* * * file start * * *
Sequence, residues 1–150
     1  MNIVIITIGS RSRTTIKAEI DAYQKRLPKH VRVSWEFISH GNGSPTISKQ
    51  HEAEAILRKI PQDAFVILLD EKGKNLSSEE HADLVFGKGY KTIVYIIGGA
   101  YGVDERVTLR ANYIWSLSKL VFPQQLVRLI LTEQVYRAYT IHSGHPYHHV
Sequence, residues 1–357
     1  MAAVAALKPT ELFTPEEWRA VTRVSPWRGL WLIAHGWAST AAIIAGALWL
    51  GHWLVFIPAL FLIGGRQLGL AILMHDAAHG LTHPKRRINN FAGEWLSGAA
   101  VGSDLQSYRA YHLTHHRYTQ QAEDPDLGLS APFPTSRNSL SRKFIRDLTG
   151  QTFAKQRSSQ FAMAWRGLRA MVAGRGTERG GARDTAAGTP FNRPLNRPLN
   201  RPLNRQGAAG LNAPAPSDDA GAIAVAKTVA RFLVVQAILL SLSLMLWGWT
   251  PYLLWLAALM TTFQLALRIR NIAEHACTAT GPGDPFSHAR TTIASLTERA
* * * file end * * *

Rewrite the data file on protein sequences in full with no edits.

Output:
Sequence, residues 1–150
     1  MNIVIITIGS RSRTTIKAEI DAYQKRLPKH VRVSWEFISH GNGSPTISKQ
    51  HEAEAILRKI PQDAFVILLD EKGKNLSSEE HADLVFGKGY KTIVYIIGGA
   101  YGVDERVTLR ANYIWSLSKL VFPQQLVRLI LTEQVYRAYT IHSGHPYHHV
Sequence, residues 1–357
     1  MAAVAALKPT ELFTPEEWRA VTRVSPWRGL WLIAHGWAST AAIIAGALWL
    51  GHWLVFIPAL FLIGGRQLGL AILMHDAAHG LTHPKRRINN FAGEWLSGAA
   101  VGSDLQSYRA YHLTHHRYTQ QAEDPDLGLS APFPTSRNSL SRKFIRDLTG
   151  QTFAKQRSSQ FAMAWRGLRA MVAGRGTERG GARDTAAGTP FNRPLNRPLN
   201  RPLNRQGAAG LNAPAPSDDA GAIAVAKTVA RFLVVQAILL SLSLMLWGWT
   251  PYLLWLAALM TTFQLALRIR NIAEHACTAT GPGDPFSHAR TTIASLTERA